If you are passionate about kilts in general and Skilts in particular I’m open to the possibility of partnerships of all kinds.  If you are experienced in PR or fashion retail and are interested in helping take Skilt to the next level please do get in touch.

If you like kilts and enjoyed this history please press the G+1 button below and help other people to find it.

12 thoughts on “The Skilt story

  1. Just found this site through a link on Google, had no idea this business existed before – I’m in the States (Salem, Massachusetts, to be exact), own kilts from Utilikilts and Amerikilts, and am wondering if you ship to this side of the pond. If so, expect a new customer soon! Cheers… 🙂

    1. Hi Bill,
      Of course we ship to the colonies! No extra charge. We look forward to shipping a Skilt to you soon!


      Richard and Max

  2. I’m glad I found your website as I’m found of kilts myself. And I’m amazed by the variation in the collection! I had never imagined!

    Peter Cauwenberghs

  3. Hi just found your site.

    I’m wondering if you ship to “Portugal”


    Pedro Sá

  4. Hi everyone at Skilt. I wear a Kilt everyday and that is why I am known as “The Kiltman” which is posted at my front door along with a sign to take off your shoes before entering. I dance with the RSCDS-Royal Scottish Country Dance Society and was wondering if your Kilt would be acceptable on the dance floor and what would the care be as far as cleaning the KIlt. Is it WASH and WEAR ? Does it have to be DRY CLEANED ? How much ironing does it require ? I wear Utilikilts, Alt Kilts, Sport Kilts, and Hand Made Wool Tartans for full dress events. Any help in this care topic would be appreciated. Thanking you in advance, The Kiltman

  5. Hello Mr Kiltman,

    We use so many different fabrics in our kilts that all the labels say ‘mixed fibres – dry clean only’. This is us erring on the side of caution. Most of them are fine in a low temperature hand or machine wash. Keep the buckles done up as if the leather straps are flapping around they can deposit some of their dye if the fabric around them is light coloured. When it comes out it will require some pressing but as all the pleats are sewed you have a clear guide for where the creases go. There are 16 pleats so it should take you less than 10 minutes.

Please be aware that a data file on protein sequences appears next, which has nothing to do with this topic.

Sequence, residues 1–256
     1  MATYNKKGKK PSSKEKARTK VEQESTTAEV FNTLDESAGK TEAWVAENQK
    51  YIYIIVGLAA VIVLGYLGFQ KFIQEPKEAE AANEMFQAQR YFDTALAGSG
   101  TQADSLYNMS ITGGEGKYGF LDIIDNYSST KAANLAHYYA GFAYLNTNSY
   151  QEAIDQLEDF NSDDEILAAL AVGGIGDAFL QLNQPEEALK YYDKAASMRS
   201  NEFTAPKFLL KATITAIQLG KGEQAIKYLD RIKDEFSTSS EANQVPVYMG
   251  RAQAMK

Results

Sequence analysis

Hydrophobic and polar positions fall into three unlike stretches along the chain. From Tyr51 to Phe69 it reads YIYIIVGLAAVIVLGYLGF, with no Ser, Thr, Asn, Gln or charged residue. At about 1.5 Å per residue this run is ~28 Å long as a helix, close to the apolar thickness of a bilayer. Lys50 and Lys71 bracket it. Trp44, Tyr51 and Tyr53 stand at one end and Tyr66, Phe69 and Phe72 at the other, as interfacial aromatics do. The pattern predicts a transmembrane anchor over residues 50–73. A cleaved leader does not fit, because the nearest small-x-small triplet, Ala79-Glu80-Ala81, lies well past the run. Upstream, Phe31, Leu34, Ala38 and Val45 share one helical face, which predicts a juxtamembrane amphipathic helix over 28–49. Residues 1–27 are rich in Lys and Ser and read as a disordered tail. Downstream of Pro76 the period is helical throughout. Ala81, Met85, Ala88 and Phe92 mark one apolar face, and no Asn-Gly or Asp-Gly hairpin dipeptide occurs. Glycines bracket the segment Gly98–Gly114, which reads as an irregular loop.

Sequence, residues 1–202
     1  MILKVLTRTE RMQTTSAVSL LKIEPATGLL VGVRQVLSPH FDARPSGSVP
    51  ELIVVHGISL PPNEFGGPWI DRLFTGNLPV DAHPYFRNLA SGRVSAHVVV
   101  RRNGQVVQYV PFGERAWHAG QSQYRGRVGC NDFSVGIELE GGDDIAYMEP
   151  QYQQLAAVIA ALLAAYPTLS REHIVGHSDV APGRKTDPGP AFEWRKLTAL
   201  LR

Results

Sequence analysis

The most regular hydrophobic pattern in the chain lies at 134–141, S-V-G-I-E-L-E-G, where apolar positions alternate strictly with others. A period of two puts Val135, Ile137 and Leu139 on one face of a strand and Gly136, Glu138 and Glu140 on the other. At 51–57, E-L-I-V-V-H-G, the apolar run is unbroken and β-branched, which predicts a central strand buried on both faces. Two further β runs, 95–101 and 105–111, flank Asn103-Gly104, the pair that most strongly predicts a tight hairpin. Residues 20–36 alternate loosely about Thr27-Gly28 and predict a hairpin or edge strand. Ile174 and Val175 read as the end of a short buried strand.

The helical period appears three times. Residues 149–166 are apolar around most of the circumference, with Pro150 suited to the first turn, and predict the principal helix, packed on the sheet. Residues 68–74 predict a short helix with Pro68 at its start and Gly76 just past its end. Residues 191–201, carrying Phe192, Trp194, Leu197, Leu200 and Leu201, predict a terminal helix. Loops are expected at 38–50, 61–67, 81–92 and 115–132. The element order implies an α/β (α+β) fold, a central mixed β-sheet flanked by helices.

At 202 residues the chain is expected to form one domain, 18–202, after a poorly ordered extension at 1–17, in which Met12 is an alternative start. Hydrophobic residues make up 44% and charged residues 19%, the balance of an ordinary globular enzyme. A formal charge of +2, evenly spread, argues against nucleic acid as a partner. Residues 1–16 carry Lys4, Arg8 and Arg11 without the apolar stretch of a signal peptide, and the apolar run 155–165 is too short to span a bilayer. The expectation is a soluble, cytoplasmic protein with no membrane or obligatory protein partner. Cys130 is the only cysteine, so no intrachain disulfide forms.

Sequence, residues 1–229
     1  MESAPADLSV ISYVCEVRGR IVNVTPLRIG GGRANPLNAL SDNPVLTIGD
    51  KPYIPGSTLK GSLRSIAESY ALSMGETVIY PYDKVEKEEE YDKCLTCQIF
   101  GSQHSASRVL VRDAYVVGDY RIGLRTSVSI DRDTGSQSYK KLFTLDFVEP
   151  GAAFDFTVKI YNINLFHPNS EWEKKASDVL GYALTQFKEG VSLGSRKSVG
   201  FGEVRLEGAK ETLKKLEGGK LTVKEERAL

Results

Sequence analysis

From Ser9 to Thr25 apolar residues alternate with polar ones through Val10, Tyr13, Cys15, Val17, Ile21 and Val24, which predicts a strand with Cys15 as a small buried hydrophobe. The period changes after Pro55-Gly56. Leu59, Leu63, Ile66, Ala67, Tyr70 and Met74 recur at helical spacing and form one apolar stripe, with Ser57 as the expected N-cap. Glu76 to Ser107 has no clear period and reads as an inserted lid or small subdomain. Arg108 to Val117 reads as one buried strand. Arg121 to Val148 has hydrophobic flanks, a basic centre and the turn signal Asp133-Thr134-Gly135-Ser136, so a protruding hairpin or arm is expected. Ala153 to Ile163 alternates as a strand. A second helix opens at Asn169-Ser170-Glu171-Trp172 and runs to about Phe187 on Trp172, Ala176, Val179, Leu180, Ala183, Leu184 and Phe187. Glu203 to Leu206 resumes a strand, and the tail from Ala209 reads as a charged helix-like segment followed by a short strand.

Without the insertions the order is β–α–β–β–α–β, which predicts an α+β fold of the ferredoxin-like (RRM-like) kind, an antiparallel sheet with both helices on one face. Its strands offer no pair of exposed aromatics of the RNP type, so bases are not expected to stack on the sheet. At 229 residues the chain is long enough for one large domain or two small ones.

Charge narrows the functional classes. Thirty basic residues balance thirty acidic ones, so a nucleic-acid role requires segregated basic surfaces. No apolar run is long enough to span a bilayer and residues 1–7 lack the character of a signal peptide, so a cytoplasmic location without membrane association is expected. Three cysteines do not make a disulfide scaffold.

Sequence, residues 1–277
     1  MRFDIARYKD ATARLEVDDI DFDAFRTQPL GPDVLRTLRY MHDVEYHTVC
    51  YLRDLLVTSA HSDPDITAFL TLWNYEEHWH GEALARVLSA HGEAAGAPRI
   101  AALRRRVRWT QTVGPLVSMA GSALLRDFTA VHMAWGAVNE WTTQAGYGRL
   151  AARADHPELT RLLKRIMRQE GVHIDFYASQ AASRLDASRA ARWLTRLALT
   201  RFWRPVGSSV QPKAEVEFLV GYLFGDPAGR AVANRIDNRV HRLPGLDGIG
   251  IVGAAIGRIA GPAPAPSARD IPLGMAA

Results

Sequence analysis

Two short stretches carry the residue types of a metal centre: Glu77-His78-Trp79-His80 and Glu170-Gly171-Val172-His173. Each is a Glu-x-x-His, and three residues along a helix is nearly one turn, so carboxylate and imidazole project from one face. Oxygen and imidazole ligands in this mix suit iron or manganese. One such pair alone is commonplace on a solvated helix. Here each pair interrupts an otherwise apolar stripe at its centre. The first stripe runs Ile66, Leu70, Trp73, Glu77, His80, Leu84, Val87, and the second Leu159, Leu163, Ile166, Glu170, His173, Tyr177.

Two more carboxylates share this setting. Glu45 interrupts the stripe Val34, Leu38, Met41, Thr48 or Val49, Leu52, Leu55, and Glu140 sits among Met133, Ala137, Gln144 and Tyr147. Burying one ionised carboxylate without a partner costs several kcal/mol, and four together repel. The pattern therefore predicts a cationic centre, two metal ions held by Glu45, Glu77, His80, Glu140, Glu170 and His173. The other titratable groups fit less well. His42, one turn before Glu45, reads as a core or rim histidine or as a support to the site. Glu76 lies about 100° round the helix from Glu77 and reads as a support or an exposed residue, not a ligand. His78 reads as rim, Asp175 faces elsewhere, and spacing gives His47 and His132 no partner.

As to the appropriateness on the RSCDS dance floor I guess you’d have to ask them. My own experience of wearing one to ceilidhs is that it was well liked and people asked where I bought it from. You may get a more mixed reception if you go for the Union Flag or George Cross kilt!

    Hope that helps,


    1. After reading your answer Richard and the history of your kilt I can see that it would meet the needs of all occasions. Since my first Utilikilt I have added a “smidgen” to the waist and find 3 of my Utilikilts uncomfortable. I have two choices . . . lose weight or get a kilt that can be adjusted.
      I know that as men age the waist improves in girth. Yes/No. I believe I am going to select a material that can be dressed up. I will do this in the next two weeks and I thank you for your Answer of November 17, 2014. My apology for not finding your answer until today. Yes, I do get some of your updates on other “gents” and thank you.

  6. You have made it very clear. I have sent the link to some of the dancers this morning and hopefully it will help them too.
    2015 will be the addition of a SKILT. I like the gray dress Skilt but I do not see the solid gray in the listing any longer but perhaps I just did not look carefully enough. Happy Holidays to you and the team.

  7. Happy to have found you as well. I have just under a dozen kilts and look forward to adding one or more of yours to my collection.

  8. Love the site and your style. Need a utility/rugged kilt to wear while working in my shop. I engrave rock/glass/metal and use an industrial sandblaster – want something that’s comfortable while moving and utilitarian. Like your biker style with the piping. Cool stuff!

    1. Hi Mat,

      Sadly I just sold the last of the really thick black cotton kilts that would have stood up to that sandblaster with ease. I reckon that any Skilt + an apron over the top would do the trick.

      The biker one is pretty damn cool … and looks better in real life than it does in the pictures.